4)Be nice, be clean and be friendly
                  5) Organize files and pictures into your own folders.

                  that's all

                  just doing my job

                  Sing well, sing LOUD and sing often..........

                  WHEN IS AN ESTRELLA REPORT COMING IN??????????

                  erlandr
                • chrissings@juno.com
                  Thanks guys. No worries. We will go over all pronunciations in rehearsal to ensure everyone is pronouncing things the same way. I feel fairly comfortable
                  Message 8 of 16 , Feb 24 9:15 AM
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                    Thanks guys.  No worries.  We will go over all pronunciations in rehearsal to ensure everyone is pronouncing things the same way.  I feel fairly comfortable with German and the Latin.

                    I don't feel quite as comfortable with French.  I avoided it like the plague in college to nasal sounding for me.     

                    Is there anyone on the list who speaks french well enough to help out the ole director with the pronouciation of of Chantez a Dieu?

                    Thanks!

                    Arianna M.

                    -- Christine Bakken/Bridget <clysne@...> wrote:

                    I very much thank you both for your help.  I will certainly take a stab at it.  by summer I might even get it.
                     
                    Christine

                    Karen Kasper <arianna_wyn@ yahoo.com> wrote:
                    Thanks, Geffrei! 
                     
                    My choir has been singing this piece for about a year now, and that was pretty accurate except that the words beginning with S usually don't sound like an English "S", but either a "Z" or an "Sh."  For example, "sein" and "sich" are pronounced "zine" (long i) and "zich" (short i, Scottish ch), while "stein," "stimmt" and "stets" are pronounced "shtine" (also long i), "shtimt" (short i) and "shtets" (short e).
                     
                    Arianna of Wynthrope (*not* Arianna Morgan) :-)

                    William Mauldin <wmmauldin@earthlink .net> wrote:
                    Here�s a stab at phonetically spelling Musica, Die ganz Lieblich Kunst. Pronounce all letters.
                    Musica = Moo-si-ka short i
                    Die = dee
                    Ganz = gahntz G as in gate
                    Lieblich = leeb-lich ch as in Scottish loch
                    Kunst = koonst oo as in soon
                    Ist = ist short i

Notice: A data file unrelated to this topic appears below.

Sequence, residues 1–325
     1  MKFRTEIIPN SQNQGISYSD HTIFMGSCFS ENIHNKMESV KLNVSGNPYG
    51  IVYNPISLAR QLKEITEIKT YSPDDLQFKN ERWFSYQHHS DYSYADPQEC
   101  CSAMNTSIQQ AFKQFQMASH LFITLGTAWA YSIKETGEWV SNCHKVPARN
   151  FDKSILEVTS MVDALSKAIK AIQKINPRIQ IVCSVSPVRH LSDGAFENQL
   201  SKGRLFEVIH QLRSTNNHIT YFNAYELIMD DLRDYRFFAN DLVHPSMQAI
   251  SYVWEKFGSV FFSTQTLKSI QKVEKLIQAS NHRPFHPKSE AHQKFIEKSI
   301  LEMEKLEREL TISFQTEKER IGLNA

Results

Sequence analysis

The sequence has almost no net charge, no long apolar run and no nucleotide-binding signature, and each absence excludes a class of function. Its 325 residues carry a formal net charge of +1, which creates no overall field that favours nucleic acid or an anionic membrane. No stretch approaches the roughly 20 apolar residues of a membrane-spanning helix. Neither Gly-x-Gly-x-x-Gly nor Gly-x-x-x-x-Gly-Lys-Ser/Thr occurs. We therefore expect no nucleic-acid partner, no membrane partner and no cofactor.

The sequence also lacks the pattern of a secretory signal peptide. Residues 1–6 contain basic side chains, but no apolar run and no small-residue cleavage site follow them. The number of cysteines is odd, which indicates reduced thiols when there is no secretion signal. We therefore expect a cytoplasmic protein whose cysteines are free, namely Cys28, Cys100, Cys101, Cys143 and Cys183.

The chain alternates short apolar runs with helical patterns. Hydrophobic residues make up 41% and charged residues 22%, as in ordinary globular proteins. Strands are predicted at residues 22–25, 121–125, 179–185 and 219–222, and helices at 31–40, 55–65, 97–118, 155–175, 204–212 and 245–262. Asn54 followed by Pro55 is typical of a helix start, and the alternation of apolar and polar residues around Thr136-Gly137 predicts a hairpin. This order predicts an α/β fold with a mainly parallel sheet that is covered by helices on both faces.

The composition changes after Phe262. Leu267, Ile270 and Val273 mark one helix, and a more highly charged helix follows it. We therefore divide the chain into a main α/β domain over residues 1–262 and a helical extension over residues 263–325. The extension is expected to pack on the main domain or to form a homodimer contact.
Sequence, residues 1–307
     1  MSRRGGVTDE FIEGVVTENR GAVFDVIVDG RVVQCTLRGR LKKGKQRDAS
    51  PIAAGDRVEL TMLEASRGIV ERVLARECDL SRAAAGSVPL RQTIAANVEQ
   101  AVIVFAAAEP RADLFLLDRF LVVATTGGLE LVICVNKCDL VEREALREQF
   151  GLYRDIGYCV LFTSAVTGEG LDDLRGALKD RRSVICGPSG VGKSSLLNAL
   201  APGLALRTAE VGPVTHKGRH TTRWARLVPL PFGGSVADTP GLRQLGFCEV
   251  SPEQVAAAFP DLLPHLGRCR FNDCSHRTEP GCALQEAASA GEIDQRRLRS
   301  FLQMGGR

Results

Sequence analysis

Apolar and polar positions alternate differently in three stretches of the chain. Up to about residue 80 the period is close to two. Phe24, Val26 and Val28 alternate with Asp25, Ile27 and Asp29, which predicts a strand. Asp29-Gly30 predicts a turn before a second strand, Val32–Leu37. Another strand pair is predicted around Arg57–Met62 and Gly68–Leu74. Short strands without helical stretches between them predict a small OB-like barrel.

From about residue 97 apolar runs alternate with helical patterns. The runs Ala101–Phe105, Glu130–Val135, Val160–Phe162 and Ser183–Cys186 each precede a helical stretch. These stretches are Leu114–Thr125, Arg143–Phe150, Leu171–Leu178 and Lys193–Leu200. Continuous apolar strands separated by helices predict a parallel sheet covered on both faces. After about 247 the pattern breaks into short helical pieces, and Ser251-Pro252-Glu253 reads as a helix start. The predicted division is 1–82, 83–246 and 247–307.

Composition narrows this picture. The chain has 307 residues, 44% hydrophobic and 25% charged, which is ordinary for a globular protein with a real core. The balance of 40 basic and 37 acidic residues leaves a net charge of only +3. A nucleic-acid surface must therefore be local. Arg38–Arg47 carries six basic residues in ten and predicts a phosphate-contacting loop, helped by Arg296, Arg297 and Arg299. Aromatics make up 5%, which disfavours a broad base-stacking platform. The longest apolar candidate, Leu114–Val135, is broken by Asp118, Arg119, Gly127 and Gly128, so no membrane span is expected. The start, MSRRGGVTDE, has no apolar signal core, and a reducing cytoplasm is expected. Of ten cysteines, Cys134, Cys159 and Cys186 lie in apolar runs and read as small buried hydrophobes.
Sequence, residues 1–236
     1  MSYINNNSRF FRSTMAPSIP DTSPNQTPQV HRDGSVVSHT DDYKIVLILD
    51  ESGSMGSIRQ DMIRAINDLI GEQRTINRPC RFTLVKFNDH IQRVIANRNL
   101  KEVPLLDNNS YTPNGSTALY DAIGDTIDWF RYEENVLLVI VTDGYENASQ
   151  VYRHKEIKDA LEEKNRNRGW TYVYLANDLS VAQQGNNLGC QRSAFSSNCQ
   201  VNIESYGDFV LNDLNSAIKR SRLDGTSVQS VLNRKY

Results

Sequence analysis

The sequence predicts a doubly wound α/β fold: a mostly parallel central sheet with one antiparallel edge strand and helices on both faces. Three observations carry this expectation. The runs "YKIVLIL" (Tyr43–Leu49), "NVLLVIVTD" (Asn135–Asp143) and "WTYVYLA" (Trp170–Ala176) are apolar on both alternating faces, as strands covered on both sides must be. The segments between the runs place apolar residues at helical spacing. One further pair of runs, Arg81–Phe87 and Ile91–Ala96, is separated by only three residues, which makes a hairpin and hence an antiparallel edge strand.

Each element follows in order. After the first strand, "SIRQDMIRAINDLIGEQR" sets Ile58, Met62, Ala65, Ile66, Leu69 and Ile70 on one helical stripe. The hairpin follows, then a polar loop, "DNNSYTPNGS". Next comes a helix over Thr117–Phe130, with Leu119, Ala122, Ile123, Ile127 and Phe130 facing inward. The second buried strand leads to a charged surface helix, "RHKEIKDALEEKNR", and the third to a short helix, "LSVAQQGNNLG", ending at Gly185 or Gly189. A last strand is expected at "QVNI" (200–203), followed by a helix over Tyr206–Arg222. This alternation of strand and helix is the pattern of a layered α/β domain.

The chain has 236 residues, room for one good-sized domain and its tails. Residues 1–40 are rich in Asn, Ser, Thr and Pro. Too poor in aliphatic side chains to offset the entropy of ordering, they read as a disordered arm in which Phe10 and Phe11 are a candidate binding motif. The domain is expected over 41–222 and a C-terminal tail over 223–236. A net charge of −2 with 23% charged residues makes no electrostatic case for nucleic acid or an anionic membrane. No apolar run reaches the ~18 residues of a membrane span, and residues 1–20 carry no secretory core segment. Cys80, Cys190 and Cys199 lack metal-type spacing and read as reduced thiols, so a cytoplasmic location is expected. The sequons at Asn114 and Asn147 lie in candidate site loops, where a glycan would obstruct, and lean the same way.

Ehrenwert = eh � wren � vert   eh is like slang for I can�t hear you.
                    Zu = tzoo
                    Halten = hall � ten
                    Hat = hat a as in father
                    Billig = bill � lig short I�s pronounch both L�s
                    Allenthaben = ahl � lent � hahl � ben
                    Gunst = goon-st
                    Bei = bye
                    Jungen = yoon-gen
                    Und = oont
                    Alten = all-ten
                    Leidet = Lie � det
                    Schmerz = schm � er - tz pronounce all letters. �er� as in early
                    Tut = toot
                    All = all
                    Unmut = un � moot
                    Vertreiben = Fer-try-ben
                    Traurig = Traw-rig almost put a �K� in the �G�
                    Niemand = Nee � man � d
                    Bleiben = bli � ben long I
                    Viel = Feel
                    Elder = elder
                    Kraft = craft
                    Zie = zee
                    Mitsich = mit-si-sh short i
                    Bringt = bring-t
                    Davon = da � fon
                    Wir = veer
                    Alle = all-le
                    Zeu-gen = tzeu � gen  eu as in Sigmund Freud
                    Durch = doer � ch  ch as above
                    Hertze = Hertz � a  like the car company with �a� on the end.
                    Dringt = I as in pin not English ing pronounce everything
                    Ihr = ear
                    Lieblichkeit = Lee-b-lich-kite
                    Wer = Ver  er as in early
                    K�nnt = Kern � t
                    Lob = Lobe
                    Verschweigen = Fir � schwi � gen  long I in the middle sylable
                    Es = Ess
                    M�sst = Mers-st er as in early
                    Doch = o as in doe ch as in Scottish loch
                    Sein = sign